Virginia Gov. Ralph Northam Won't Resign As He Believes It's Not Him In The Racist Yearbook Photo
"It is definitely not me. I can tell by looking at it."
Virginia Gov. Ralph Northam said he does not believe he is pictured in the racist yearbook photo he apologized for on Friday, and he will not resign over it.
A page from Northam's 1984 Eastern Virginia Medical School yearbook with a photo showing two men, one in blackface and another wearing a Ku Klux Klan robe and hood, became public on Friday.
"It is definitely not me. I can tell by looking at it," said Northam, in a press conference on Saturday.
"When I was confronted with the images yesterday, I was appalled that they appeared on my page but I believed then, and now, that I am not either of the people in that photo," said Northam.
Northam said he had never seen the yearbook page or the photo until Friday, as he never purchased a copy of the book and joined the military immediately after graduating.
"I believe this moment can be the first small step to open a discussion about these difficult issues and how they contribute to the greater racism and discrimination that defines so much of our history," said Northam, explaining that he wouldn't be stepping aside as governor.
"Today I am not ready to ask Virginians to grant me their forgiveness for my past actions," said Northam. "I also do not fully expect that they will immediately believe my account of these events. Right now I am simply asking for the opportunity to demonstrate beyond a shadow of a doubt that the person I was is not the man I am today. I am asking for the opportunity to earn your forgiveness."
On Friday night Northam confirmed he was in the photo, releasing a statement that read:
Earlier today, a website published a photograph of me from my 1984 medical school yearbook in a costume that is clearly racist and offensive.
I am deeply sorry for the decision I made to appear as I did in this photo and for the hurt that decision caused then and now.
But by Saturday morning, Northam began questioning if it was even him in the photo, contacting friends from medical school and telling Democratic colleagues he couldn't remember it, according to multiple media reports.
"In the hours since I made my statement yesterday, I reflected with my family and classmates from the time and affirmed my conclusion that I am not the person in that photo," said Northam on Saturday.
But he admitted that he had been involved in harmful racist behavior in his past, including darkening his face with shoe polish as part of a Michael Jackson costume for a dance contest in San Antonio in the same year the yearbook photo appeared.
"In some ways, my personal history mirrors that of this commonwealth. There are actions and behaviors in my past that were hurtful, but, like Virginia, I have also made significant progress in how I approach these issues," said Northam.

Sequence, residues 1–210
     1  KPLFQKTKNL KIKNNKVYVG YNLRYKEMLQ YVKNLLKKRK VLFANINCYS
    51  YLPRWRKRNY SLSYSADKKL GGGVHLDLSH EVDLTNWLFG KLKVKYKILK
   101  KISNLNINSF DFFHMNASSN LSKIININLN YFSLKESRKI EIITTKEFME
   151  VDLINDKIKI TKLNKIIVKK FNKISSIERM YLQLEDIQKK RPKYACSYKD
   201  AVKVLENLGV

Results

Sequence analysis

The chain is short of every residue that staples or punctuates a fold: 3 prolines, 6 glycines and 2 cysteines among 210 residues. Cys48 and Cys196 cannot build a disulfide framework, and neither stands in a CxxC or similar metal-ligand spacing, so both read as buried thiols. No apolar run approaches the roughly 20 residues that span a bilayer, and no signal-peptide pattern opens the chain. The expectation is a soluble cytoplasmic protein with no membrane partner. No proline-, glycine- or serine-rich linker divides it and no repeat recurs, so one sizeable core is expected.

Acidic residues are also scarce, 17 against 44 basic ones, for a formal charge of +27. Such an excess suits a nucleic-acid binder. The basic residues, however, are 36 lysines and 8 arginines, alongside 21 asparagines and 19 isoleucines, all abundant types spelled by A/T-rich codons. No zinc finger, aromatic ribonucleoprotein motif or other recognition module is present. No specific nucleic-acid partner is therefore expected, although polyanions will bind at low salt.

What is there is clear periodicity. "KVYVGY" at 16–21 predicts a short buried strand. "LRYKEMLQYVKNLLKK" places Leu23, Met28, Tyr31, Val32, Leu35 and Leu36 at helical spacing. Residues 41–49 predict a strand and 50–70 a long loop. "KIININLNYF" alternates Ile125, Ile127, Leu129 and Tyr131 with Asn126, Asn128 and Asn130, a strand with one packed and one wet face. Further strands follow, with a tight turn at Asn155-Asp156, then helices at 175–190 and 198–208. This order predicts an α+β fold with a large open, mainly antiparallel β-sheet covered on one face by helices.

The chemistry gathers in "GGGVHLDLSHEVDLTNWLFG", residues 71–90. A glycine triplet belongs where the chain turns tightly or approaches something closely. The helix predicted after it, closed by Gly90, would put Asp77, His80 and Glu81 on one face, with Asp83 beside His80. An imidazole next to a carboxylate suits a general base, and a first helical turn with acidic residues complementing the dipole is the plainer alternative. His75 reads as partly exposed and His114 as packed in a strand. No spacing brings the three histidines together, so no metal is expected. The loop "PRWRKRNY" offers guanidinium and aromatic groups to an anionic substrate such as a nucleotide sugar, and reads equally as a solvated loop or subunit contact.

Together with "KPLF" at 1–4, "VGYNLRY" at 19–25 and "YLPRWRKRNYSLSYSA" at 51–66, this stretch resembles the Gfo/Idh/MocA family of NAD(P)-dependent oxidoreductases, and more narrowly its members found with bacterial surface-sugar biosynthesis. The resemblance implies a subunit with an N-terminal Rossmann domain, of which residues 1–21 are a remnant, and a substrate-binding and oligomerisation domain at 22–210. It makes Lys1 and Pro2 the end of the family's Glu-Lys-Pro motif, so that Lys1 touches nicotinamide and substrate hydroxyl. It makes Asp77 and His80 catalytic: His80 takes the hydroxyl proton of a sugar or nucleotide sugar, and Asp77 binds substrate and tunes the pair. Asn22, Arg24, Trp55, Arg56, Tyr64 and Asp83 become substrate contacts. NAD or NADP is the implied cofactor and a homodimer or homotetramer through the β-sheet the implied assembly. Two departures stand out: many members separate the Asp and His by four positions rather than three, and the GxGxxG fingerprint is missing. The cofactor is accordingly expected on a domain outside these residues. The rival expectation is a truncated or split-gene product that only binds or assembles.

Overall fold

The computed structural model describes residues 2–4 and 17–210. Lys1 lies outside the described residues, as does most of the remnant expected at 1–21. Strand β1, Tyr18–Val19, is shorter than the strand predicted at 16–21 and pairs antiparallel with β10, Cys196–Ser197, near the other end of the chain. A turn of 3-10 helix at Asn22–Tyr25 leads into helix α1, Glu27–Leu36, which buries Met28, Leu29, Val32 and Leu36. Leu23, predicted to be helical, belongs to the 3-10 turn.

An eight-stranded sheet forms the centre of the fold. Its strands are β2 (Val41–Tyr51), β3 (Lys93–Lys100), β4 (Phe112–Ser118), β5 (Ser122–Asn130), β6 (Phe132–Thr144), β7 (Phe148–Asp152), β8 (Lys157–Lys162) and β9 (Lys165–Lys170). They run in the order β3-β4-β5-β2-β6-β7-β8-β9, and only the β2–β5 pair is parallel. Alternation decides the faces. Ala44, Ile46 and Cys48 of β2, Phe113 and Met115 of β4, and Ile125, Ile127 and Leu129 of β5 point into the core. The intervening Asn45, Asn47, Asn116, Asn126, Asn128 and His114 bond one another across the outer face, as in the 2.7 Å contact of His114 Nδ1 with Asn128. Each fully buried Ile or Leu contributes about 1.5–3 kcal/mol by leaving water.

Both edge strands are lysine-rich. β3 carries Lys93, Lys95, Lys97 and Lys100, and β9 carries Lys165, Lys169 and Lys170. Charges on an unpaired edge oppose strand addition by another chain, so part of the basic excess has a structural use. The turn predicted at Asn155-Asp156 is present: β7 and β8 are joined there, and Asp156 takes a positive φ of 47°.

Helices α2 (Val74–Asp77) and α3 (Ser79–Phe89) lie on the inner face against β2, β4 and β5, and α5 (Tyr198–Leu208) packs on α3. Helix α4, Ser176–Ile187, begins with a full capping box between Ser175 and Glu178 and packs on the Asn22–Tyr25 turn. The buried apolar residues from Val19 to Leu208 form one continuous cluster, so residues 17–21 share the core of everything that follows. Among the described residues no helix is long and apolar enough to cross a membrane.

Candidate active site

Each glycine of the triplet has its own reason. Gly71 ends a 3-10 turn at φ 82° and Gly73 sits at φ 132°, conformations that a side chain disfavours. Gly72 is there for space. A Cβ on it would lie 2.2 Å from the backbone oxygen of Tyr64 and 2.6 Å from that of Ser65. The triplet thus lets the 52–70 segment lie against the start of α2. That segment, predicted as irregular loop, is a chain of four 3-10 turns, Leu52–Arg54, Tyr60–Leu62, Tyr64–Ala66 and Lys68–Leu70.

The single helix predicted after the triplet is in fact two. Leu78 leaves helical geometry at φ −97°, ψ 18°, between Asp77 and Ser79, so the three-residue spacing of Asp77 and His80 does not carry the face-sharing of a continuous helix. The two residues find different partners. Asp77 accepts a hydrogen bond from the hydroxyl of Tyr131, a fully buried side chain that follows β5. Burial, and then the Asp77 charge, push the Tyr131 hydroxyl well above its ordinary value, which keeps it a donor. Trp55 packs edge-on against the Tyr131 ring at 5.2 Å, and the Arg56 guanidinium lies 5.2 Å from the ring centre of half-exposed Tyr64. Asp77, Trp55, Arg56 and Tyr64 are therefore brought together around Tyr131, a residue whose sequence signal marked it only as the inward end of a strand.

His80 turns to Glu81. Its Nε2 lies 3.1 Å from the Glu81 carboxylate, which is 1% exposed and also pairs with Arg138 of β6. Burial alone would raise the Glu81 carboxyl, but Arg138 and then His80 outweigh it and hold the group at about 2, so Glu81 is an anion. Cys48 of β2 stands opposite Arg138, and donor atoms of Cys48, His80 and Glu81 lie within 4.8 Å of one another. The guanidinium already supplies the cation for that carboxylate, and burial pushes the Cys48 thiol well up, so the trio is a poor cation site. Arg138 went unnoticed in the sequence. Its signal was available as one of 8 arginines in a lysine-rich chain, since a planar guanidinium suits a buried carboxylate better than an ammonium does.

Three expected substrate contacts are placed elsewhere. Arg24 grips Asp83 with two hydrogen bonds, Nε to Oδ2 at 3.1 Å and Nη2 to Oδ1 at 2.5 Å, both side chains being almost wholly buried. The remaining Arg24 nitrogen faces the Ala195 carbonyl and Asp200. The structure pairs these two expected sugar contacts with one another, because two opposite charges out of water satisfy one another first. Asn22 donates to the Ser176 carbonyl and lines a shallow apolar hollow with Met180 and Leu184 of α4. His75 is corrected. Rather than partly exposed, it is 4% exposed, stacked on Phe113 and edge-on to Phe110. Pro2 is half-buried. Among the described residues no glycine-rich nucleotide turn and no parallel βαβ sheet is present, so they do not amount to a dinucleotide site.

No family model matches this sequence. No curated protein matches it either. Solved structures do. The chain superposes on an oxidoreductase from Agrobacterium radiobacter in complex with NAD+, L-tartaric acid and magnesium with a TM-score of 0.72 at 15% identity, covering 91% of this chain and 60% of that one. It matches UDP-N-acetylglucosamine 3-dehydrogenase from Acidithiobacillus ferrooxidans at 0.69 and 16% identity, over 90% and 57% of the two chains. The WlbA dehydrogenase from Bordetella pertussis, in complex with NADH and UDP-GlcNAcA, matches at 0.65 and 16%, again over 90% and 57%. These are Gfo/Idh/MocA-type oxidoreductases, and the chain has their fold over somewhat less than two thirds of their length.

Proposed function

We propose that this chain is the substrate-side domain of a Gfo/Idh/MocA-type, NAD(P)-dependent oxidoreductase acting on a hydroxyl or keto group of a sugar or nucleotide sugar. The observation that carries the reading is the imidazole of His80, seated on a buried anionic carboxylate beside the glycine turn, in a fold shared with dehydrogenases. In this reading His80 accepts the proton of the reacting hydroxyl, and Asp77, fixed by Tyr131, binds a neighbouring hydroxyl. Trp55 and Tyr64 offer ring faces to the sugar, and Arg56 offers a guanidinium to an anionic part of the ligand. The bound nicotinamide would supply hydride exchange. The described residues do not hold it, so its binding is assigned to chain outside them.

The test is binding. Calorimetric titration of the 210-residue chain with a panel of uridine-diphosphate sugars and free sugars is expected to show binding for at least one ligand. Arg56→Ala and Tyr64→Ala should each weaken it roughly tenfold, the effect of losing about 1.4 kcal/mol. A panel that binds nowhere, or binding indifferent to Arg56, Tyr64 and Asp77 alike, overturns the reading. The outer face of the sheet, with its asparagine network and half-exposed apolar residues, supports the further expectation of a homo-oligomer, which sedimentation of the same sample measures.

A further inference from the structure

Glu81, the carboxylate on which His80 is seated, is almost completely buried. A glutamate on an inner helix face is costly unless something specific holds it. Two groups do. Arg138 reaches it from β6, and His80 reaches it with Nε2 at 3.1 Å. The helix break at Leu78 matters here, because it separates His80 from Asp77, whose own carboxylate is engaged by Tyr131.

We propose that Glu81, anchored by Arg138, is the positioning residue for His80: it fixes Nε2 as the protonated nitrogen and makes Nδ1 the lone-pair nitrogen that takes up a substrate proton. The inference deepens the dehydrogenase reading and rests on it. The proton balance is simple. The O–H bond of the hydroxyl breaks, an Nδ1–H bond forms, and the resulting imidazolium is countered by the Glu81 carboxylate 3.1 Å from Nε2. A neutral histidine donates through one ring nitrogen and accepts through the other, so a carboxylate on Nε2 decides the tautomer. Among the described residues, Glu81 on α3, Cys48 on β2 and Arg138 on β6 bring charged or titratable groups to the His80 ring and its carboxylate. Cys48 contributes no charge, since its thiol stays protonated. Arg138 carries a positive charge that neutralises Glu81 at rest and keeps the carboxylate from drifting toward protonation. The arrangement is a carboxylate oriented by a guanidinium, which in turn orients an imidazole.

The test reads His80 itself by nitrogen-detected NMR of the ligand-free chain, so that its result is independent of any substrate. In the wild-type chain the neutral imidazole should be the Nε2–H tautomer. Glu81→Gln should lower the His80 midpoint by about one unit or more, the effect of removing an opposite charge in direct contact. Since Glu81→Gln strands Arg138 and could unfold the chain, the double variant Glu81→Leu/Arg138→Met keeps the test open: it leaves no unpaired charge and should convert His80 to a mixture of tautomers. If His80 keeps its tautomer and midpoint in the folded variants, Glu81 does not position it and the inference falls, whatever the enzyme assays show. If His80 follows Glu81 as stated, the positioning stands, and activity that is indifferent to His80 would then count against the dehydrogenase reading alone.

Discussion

State Sen. Louise Lucas, a Democrat, told the Washington Post she'd received a call from Northam Saturday morning saying he wasn't planning to resign because he didn't believe he was in the photo.
"He should have said that yesterday then," said Lucas in the Post. "He just told me he didn’t think it’s him. And I said, 'Ralph, this is a day late and a dollar short. It’s too late.'"
The Democratic Party of Virginia said on Saturday morning that Northam "no longer has our confidence or our support," and called for Lt. Gov. Justin Fairfax to take over as governor immediately.
Fairfax released a carefully worded statement on Saturday afternoon in which he did not explicitly say that he supported Northam remaining as governor.
“While his career has been marked by service to children, soldiers and constituents, I cannot condone the actions from his past that, at the very least, suggest a comfort with Virginia’s darker history of white supremacy, racial stereotyping, and intimidation," said Fairfax, who is black.
"At this critical and defining moment in the history of Virginia and this nation, we need leaders with the ability to unite and help us rise to the better angels of our nature,” continued Fairfax.
On Friday, Northam also released a video statement where he apologized "for behavior in my past that falls far short of the standard you set for me when you elected me to be your governor."
"That photo and the offensive and racist attitudes it represents does not reflect that person I am today or the way that I have conducted myself as a soldier, a doctor, and a public servant. I am deeply sorry," said Northam.
On Saturday, House Speaker Nancy Pelosi, the most senior Democrat, tweeted that Northam's yearbook photo was "racist and contrary to fundamental American values" and that she supported calls for him to step down.
Former vice president Joe Biden said that Northam "has lost all moral authority" and needed to resign.
Democratic 2020 presidential hopefuls including Sens. Kirsten Gillibrand and Kamala Harris also called on Northam to leave.
"There aren't two sets of rules for our friends and our foes: Right is right and wrong is wrong," Gillibrand tweeted.
"Leaders are called to a higher standard, and the stain of racism should have no place in the halls of government," Harris tweeted on Friday evening.
Other Democratic leaders, including the former governor of Virginia, Terry McAuliffe, agreed.
An editorial from Virginia newspaper Richmond Times-Dispatch called for Northam to step aside:
We all act foolishly in our youth. But a college graduate, studying to be a physician, in a state with Virginia’s troubled racial history, should know better than to reduce that history to a callous joke
"If I were to listen to the voices calling on me to resign my office today, I could spare myself from the difficult path that lies ahead," said Northam on Saturday. "I could avoid an honest conversation about harmful actions from my past. I cannot in good conscience choose the path that would be easier for me, in an effort to duck my responsibility to reconcile."